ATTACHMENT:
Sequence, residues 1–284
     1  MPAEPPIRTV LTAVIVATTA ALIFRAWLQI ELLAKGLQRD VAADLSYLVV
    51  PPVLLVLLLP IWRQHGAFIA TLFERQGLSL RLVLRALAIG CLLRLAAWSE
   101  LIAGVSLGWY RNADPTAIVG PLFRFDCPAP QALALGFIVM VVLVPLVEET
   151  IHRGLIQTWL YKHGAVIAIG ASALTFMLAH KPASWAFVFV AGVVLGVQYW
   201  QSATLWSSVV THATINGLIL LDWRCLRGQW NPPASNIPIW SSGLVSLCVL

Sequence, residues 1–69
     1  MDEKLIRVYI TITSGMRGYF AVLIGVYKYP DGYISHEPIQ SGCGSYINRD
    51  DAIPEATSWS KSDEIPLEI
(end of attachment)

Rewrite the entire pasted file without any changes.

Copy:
Sequence, residues 1–284
     1  MPAEPPIRTV LTAVIVATTA ALIFRAWLQI ELLAKGLQRD VAADLSYLVV
    51  PPVLLVLLLP IWRQHGAFIA TLFERQGLSL RLVLRALAIG CLLRLAAWSE
   101  LIAGVSLGWY RNADPTAIVG PLFRFDCPAP QALALGFIVM VVLVPLVEET
   151  IHRGLIQTWL YKHGAVIAIG ASALTFMLAH KPASWAFVFV AGVVLGVQYW
   201  QSATLWSSVV THATINGLIL LDWRCLRGQW NPPASNIPIW SSGLVSLCVL

Sequence, residues 1–69
     1  MDEKLIRVYI TITSGMRGYF AVLIGVYKYP DGYISHEPIQ SGCGSYINRD
    51  DAIPEATSWS KSDEIPLEI